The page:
- I downloaded the slantfin app and entered the info for the kitchen. I came up with 7,523 btu/hr (corrected error) I used indoor temp of 65, water temp of 180, and outdoor temp of 10 from page 32 of this doc. https://www.slantfin.com/images/stories/Homeowner-Info/hydronic_explorer_for_droid_user_manual.pdf
    I added screen shots of the app below.


    Thanks







  • JohnBoston
    JohnBoston Member Posts: 20

  • bburd
    bburd Member Posts: 336
    edited February 2021
    That kitchen heat loss number doesn’t make sense. It’s too high compared to the capacity of your boiler.

    Looking at your input data in the calculation, if the kitchen is 19 X 10.5 ft in area, you do not have 310 ft *length* of exposed outside wall. Perhaps you mistakenly entered the square footage of outside wall?

    Bburd
    mattmia2
  • EdTheHeaterMan
    EdTheHeaterMan Member Posts: 3,305
    The most length of exposed wall you can have in a 20 x 10 room is 60 feet. (unless there are a lot of inside and outside corners) If the kitchen has one outside wall the 20 feet, if it is on a corner of the house then 30 feet.

    Do your calculation over!
    Edward Young
    Retired HVAC Contractor from So. Jersey.
    Services first oil burner at age 16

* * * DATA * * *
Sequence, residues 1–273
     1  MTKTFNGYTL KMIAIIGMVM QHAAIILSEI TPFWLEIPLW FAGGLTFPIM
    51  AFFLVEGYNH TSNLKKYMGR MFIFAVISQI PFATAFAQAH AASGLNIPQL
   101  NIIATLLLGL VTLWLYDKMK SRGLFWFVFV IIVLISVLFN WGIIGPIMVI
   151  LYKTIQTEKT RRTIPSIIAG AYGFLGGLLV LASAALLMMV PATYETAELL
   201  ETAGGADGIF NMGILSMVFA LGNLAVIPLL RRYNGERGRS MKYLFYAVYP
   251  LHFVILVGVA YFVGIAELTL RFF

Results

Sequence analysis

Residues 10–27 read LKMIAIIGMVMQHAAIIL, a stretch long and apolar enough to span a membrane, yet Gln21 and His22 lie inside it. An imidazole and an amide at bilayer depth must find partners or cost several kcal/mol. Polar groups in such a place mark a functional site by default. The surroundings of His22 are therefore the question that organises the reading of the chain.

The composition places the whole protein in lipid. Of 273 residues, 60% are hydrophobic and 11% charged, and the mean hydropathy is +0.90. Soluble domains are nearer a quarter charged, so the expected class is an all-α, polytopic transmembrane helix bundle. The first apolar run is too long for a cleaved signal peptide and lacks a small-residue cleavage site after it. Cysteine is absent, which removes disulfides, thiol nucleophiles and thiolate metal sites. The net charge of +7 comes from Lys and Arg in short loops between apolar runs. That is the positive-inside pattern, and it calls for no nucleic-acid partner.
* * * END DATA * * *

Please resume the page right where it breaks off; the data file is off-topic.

P/T trainer for EH-CC.org
  • JohnBoston
    JohnBoston Member Posts: 20
    duh!!!! - of course - sausage fingered typing.

    Corrected to 31 ft - 7,523 BTU/hr
  • JohnBoston
    JohnBoston Member Posts: 20
    Any thoughts or suggestions? - thanks

    I'm starting to lean towards adding supplemental radiant just for under the kitchen - easy access underneath.
  • SomeTradesJack
    SomeTradesJack Member Posts: 3
    I have the same problem in my antique house's kitchen. However, I see holes in the subfloor from below that suggests that were previous radiators, now removed. Maybe your mod could be a toekick heater. Here's an example:
    https://www.supplyhouse.com/Beacon-Morris-K42-K42-Twin-Flo-III-Kick-Space-Heater

    Some of the pros might have other ideas as well.
  • Jon_blaney
    Jon_blaney Member Posts: 275
    The old cook stove would have kept the room toasty.
    bucksnort
  • bburd
    bburd Member Posts: 336
    From my previous post above:

    “I would replace the convector with a radiator of the same design used elsewhere in the system, sized according to the kitchen’s heat loss.”

    Another poster suggested checking whether the other radiators are correctly sized for the current heat loss, or oversized. If over, the new kitchen radiator should be oversized at the same ratio.

    Bburd
    mattmia2